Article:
Sandi Miot

Aqua 1 Coral, 2017, encaustic and mixed media, 8 x 15 x app. 5 inches

Miot: Finding the Italian Roots


My family did not have relatives near to where we lived in Washington, D.C., not my father’s many Italian relatives nor my mother’s equally numerous Scotch-Irish ones. All were scattered up and down the East Coast, and we visited infrequently. Occasionally my sister, brother, parents and I would pile into the family car to drive to Brooklyn to visit my Italian grandmother, who spoke no English at all, and who still lived in the walk-up tenement in which my father grew up. Most of my father’s 10 brothers and sisters, with their multiple children, lived nearby. I did not know them well, but I envied them and the communal life they all seemed to share.


My grandmother always sent a Christmas box of the hardest cookies I had ever eaten. I remember my grandmother now for the food she made us when we did visit: homemade ravioli, fried pan pizzas, and those hard cookies, which I came to identify as stale Italian Wedding Cookies. With no common verbal language, food became the language she spoke.


My father never talked much about his family and I neglected to ask him the pertinent questions I should have asked, something I fervently regret now that he is gone. I believe he was ashamed of his family. I did ask him once why he never taught me the Italian he spoke so fluently with his mother. His answer was that it wasn’t a dialect to be proud of. His family came from the tip of Calabria and they spoke a bastard blend of Italian and Albanian common to the area.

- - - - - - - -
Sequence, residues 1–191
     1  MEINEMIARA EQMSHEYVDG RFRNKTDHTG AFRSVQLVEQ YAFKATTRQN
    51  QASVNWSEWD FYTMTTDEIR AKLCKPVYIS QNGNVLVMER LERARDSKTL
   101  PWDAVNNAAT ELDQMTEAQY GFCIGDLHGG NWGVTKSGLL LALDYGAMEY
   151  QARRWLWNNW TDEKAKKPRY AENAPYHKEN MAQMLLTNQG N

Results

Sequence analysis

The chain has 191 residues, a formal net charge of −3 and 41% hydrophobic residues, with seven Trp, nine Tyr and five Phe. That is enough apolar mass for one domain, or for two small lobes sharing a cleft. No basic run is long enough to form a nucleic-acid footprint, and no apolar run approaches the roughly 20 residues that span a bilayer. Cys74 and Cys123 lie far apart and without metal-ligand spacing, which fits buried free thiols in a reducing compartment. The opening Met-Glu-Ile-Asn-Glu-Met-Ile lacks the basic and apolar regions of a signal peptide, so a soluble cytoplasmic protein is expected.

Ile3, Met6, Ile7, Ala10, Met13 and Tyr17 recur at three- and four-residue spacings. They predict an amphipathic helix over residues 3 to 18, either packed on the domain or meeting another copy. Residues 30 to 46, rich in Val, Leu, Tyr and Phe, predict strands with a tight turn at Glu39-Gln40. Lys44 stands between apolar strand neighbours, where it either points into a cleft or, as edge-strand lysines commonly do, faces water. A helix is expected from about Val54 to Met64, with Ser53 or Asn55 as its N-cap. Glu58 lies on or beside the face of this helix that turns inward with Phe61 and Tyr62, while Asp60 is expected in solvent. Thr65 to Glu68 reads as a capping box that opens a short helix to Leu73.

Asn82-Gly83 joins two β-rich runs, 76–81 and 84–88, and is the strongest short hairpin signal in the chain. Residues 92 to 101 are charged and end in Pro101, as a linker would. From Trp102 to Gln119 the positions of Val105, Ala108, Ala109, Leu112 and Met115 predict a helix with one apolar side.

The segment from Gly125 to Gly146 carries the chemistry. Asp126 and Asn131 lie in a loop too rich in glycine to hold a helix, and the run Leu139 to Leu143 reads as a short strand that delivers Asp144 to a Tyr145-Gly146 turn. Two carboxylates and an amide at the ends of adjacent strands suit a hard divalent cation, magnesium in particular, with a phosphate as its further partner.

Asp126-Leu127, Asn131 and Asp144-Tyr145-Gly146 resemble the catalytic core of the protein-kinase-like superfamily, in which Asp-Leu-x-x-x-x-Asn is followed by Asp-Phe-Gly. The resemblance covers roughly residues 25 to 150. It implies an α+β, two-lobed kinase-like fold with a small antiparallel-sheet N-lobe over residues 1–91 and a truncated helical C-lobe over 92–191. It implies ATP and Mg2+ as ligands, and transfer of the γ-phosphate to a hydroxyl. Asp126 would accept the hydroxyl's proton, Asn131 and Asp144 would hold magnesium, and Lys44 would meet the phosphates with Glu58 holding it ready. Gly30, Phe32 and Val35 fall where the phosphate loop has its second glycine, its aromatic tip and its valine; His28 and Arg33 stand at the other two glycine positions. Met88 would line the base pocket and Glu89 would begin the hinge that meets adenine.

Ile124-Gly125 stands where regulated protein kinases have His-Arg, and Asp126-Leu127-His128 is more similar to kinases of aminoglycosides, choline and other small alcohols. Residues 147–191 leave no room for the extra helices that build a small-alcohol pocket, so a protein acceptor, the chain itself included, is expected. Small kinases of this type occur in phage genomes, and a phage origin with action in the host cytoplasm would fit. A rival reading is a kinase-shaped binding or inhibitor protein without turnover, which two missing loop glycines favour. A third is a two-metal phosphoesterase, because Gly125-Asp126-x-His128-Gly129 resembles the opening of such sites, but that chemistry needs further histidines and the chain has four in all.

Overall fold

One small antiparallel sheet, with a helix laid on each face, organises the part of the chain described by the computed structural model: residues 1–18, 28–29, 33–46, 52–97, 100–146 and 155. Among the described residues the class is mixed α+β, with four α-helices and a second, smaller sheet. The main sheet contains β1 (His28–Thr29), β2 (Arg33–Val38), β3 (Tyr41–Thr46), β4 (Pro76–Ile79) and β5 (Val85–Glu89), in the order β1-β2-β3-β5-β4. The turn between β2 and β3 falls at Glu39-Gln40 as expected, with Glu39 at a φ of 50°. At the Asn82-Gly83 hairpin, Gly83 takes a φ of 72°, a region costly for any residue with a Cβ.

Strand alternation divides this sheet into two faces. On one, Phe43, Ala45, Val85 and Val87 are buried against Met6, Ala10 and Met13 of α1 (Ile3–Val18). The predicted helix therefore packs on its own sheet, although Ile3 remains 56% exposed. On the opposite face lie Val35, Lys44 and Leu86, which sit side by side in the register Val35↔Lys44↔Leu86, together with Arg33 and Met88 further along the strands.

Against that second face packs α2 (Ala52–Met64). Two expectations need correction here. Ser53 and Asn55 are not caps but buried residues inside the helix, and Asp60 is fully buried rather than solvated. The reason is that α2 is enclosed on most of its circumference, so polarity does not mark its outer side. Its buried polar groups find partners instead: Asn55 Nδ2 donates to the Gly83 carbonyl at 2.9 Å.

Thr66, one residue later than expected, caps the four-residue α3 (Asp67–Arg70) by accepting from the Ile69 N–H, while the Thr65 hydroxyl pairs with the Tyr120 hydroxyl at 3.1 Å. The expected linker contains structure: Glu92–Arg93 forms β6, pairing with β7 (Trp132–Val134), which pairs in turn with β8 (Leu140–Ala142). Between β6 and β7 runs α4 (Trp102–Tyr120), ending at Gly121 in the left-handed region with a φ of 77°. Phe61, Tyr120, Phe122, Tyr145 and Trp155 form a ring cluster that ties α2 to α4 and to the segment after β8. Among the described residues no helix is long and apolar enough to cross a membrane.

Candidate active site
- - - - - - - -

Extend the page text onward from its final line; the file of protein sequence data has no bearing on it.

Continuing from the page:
It wasn’t until traveling in Italy, in search of that connection to my Italian roots, that I realized the discrimination that existed against those Southern Italians that had trickled down to the new generations living in America, which he felt.


However I fell immediately in love with everything Italian, in particular, the art. Those trips fostered my explorations of the ancient mediums of gold leaf, egg tempera, and encaustic. Most of my work is sculptural, reliefs built on two-dimensional surfaces, much like the doors on the Baptistery in Florence, of which I had fallen in love at first sight.


The Coral Project, originally designed as wall pieces, grew outwards to encompass a unique system, or biome. It is now an installation of small, brightly colored sculptures made from dried materials, fiber, paper, and any other object that could resemble small creatures. The project was inspired by the gradual disappearance of the world’s coral reef system due to global warming. By displaying the infinite variety and awesome beauty of the corals for all to see, I hope to inspire my viewers to act in some small way to help reverse the damage being done to this vital part of our world. 


Blue 2 Coral, 2017, encaustic and mixed media, 13 x 11 x app. 5 inches

Red 2 Coral, 2017, encaustic and mixed media, 20 x 13 x app. 5 inches

Sandi Miot